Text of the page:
The data being released by WikiLeaks was taken from SPIRNET by Pfc. Bradley Manning, who smuggled them out on a CD labeled "Lady Gaga". The new directive seeks to keep this from happening again. However, this is far from the first attempt to seal leaks. In August the Pentagon disabled the ability of all classified computers to write to removable media.

Critics suspect that the new restrictions will make the job harder for service members. Many PCs are not networked for security reasons, and internet access can be spotty in various places. Thumb drives and discs are often the only good way to move data around. We would also like to point out that even a machine's hard drive is removable, if you know your way around a PC. Taking data might be less surreptitious, but we don't see how it can be stopped altogether.

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Moscow Times says " WikiLeaks Is Fighting the WRONG Enemy"

According to the following article from the the Moscow Times, Julian Assange, founder of WikiLeaks has been fighting the wrong enemy. By exposing the U.S. classified documents he has made it easier for the Taliban to capture, torture and kill the secret informants in Afghanistan who are working for the U.S. military. The reporter here suggests that he instead should have aimed his guns towards fighting North Korean dictators, al-Qaida or the drug mafia. Maybe he's right!
     . . . June

WikiLeaks Is Fighting the Wrong Enemy
Opinion | The Moscow Times:

WikiLeaks founder Julian Assange, who is wanted in Sweden to face rape, sexual molestation and unlawful coercion charges, was driven by one noble principle — that good should prevail over evil. The computer genius — aka the “Robin Hood of hackers” — founded WikiLeaks to expose evil and injustice throughout the world.

But Assange’s guns were aimed at the wrong target. Instead of being used to fight North Korean dictators, al-Qaida or the drug mafia, Assange fired on the U.S. military. In July, WikiLeaks published more than 76,900 documents on the U.S.-led war in Afghanistan, and in October it released about 400,000 documents connected with the war in Iraq.

The documents make for an interesting read, although the majority contain no classified information. The only problem is that Assange’s leaks make it easier for the Taliban to capture, torture and kill the secret informants in Afghanistan who are working for the U.S. military. For this, al-Qaida counterintelligence should bestow Assange the Bin Laden Award for outstanding service in the fight against U.S. infidels.

Making his contribution to the fight against the global center of evil and tyranny, Assange decided not to linger long in any one place. In September, he flew from Stockholm to Berlin, checking his bags containing three laptop computers with encrypted information. The computers disappeared, and the computer wonder boy was shocked.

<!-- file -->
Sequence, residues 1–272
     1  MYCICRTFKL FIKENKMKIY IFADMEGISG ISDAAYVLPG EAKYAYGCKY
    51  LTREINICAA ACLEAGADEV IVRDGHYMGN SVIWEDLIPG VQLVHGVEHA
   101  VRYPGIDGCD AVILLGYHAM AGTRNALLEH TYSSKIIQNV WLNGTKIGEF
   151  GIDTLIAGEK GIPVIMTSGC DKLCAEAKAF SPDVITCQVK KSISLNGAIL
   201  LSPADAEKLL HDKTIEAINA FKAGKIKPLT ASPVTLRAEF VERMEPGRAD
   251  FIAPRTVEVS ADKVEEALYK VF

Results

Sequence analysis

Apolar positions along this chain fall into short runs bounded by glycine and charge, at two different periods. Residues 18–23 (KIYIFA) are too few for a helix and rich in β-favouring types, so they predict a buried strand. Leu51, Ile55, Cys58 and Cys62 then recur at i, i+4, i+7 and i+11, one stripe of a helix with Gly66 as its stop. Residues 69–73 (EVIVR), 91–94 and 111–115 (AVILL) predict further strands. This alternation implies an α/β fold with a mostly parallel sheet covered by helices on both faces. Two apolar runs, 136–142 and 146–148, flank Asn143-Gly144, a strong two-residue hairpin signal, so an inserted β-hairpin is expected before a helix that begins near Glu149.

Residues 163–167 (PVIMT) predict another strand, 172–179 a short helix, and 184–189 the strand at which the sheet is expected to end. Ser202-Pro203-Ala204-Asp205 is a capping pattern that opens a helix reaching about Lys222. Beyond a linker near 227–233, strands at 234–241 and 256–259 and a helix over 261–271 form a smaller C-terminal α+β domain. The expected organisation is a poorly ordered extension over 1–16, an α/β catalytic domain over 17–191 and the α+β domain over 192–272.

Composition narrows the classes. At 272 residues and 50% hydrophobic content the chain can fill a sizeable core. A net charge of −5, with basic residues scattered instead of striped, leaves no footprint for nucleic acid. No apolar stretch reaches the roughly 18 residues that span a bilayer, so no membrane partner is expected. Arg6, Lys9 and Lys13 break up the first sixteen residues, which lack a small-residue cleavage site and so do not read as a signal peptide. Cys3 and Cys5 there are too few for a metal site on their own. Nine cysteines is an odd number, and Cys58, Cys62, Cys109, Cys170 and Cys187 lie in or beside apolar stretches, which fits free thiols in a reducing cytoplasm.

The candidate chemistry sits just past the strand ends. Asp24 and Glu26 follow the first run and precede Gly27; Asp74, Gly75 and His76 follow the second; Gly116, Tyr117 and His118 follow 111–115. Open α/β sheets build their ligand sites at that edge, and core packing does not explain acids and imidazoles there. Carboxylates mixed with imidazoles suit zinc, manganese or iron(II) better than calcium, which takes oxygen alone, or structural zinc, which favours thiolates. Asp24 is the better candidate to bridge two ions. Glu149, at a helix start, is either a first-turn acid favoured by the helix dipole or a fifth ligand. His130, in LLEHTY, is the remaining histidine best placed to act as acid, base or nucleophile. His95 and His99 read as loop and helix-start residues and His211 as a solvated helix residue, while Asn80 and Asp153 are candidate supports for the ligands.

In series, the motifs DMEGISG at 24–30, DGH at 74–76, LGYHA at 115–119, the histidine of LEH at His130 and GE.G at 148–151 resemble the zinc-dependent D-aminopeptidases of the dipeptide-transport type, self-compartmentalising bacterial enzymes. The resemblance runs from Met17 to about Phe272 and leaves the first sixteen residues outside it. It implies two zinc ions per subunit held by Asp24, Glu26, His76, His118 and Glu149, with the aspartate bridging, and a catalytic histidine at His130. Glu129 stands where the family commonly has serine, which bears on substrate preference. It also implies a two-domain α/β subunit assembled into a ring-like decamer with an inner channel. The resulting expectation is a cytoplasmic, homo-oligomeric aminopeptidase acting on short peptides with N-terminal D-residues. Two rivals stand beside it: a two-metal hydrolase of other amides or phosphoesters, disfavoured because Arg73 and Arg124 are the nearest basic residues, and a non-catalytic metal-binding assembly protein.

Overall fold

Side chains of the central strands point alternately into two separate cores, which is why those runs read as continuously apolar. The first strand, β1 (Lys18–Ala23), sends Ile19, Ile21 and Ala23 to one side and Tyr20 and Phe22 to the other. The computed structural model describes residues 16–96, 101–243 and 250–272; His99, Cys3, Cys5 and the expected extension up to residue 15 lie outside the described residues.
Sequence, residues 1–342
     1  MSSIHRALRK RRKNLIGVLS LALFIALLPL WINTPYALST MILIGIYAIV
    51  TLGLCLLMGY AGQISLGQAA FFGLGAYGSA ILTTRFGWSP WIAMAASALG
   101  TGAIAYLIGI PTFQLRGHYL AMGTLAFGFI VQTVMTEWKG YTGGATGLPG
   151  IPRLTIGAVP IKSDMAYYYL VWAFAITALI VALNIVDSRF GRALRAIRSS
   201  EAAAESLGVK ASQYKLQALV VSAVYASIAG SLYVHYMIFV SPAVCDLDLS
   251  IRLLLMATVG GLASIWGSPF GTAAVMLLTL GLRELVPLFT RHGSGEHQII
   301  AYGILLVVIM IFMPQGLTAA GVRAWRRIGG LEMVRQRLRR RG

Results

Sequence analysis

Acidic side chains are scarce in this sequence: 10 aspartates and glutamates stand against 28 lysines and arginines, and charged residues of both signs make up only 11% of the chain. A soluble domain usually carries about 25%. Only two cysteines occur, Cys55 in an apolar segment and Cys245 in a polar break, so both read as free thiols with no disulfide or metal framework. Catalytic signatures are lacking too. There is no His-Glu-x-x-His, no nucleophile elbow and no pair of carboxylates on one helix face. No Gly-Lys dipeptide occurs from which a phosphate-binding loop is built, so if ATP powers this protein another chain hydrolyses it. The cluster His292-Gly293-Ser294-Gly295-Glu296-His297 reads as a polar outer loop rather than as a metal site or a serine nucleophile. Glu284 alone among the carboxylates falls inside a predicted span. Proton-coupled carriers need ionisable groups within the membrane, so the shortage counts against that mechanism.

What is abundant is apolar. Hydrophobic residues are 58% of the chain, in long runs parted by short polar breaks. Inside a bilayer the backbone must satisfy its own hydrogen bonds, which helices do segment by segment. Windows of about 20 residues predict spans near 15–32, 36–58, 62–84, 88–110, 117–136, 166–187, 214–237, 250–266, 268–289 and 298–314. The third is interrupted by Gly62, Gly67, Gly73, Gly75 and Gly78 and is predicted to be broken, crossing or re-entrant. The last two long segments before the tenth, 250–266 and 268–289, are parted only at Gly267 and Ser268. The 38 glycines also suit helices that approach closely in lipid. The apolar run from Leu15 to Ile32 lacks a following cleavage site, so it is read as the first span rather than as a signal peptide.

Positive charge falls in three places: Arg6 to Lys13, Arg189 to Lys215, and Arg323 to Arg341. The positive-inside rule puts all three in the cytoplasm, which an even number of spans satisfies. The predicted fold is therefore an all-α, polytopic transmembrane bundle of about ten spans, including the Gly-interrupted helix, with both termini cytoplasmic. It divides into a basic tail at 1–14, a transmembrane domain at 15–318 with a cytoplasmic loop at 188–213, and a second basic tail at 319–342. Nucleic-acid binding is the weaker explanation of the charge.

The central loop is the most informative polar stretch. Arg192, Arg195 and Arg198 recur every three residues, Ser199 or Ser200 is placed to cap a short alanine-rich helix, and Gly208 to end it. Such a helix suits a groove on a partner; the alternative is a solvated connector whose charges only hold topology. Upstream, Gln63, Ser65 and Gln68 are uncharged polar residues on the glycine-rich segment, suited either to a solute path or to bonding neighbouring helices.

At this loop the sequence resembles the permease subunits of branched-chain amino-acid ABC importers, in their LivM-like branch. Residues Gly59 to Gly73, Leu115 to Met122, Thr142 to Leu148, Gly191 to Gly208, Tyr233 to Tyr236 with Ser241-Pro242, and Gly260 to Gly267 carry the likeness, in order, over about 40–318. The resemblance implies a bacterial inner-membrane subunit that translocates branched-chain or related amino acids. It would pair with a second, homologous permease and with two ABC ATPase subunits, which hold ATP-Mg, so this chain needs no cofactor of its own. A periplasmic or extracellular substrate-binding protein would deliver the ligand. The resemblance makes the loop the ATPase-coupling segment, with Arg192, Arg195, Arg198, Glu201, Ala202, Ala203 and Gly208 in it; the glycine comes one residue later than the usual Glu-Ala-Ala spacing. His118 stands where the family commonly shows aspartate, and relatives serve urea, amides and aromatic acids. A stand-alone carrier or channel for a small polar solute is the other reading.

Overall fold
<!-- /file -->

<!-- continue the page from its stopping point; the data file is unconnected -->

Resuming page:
“We have been attacked by the United States,” he complained to a New York Times reporter.

What Assange didn’t take into account was that he had attacked the United States first. It actually never occurred to the infantile self-proclaimed champion of truth and justice that a person who had aided al-Qaida counterintelligence should never pack laptop computers into his checked baggage. Neither should the Australian-born Casanova sleep with any young Swedish beauty who bats her eyes at him. It could easily be a trap.

There is a simple reason why Assange targeted his attacks on the United States, not on tyrants and butchers, who are not known for their computer literacy. Imagine that instead of exposing tens of thousands of detailed, technical documents about U.S. operations in Afghanistan, Assange had decided to expose cannibalism in the Congo. Not much would have come of it because, unfortunately, Jean-Pierre Bemba — a former vice president of the Congolese provisional government in 2003-06 and a man who is now being tried in the International Criminal Court in The Hague for crimes against humanity and war crimes — did not keep computerized records of the number of pygmies his troops ate for dinner. What’s more, Congolese cannibals probably don’t even know what a computer is.

The syndrome from which Assange suffers is the same problem afflicting most members of the infantile left. They start with the self-absorbed goal of becoming famous by declaring a noble fight against tyranny and evil. They then proceed into battle without ever once tearing their faces away from the computer screen. They forget that, in the first place, the same battle is already being fought by professionals working for Mossad and the CIA.

For someone in the public eye and without any significant credentials, that path leads more often to shame than fame. That is why it is much easier for a computer wizard like Assange to fight against democratic nations that document their actions on computers rather than fighting against real tyranny and evil in the world.

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 What do you think about the opinions in this article? Are you on the side of the whisleblower?  Plkease leave a comment.


Thursday, December 9, 2010

Are VISA and PAYPAL Targets of Retaliation By WikiLeaks Supporters?